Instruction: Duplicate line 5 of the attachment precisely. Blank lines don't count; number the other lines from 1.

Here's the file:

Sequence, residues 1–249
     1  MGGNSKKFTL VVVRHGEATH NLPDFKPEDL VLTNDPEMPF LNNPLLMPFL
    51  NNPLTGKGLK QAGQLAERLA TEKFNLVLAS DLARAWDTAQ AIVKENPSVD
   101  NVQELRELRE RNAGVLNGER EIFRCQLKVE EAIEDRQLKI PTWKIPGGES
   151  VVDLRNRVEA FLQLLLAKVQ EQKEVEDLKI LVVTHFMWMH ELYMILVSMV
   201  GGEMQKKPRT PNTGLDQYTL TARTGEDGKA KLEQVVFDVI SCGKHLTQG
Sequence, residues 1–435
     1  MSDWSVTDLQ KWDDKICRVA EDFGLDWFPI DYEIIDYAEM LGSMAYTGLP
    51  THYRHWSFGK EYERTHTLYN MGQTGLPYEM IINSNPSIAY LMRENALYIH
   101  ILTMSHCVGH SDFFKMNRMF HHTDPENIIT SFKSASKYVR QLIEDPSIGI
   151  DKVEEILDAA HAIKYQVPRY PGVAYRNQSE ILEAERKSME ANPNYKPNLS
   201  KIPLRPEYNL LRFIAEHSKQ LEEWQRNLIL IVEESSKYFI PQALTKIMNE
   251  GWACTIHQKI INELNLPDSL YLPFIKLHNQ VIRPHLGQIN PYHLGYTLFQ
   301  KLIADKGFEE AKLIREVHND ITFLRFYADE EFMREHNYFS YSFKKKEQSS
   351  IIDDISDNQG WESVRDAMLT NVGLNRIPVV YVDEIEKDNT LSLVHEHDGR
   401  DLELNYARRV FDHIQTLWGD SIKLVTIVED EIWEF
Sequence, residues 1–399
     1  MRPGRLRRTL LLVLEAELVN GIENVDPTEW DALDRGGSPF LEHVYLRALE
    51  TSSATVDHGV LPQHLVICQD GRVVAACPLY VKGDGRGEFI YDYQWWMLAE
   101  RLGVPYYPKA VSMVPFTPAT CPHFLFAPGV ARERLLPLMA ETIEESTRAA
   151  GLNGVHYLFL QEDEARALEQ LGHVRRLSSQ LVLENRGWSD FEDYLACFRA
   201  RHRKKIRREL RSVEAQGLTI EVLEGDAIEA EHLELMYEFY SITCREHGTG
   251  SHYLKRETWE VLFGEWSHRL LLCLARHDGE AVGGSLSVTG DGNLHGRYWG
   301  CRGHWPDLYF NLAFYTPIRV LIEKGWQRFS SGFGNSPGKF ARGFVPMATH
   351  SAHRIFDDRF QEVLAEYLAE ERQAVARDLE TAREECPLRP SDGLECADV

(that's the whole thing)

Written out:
   151  VVDLRNRVEA FLQLLLAKVQ EQKEVEDLKI LVVTHFMWMH ELYMILVSMV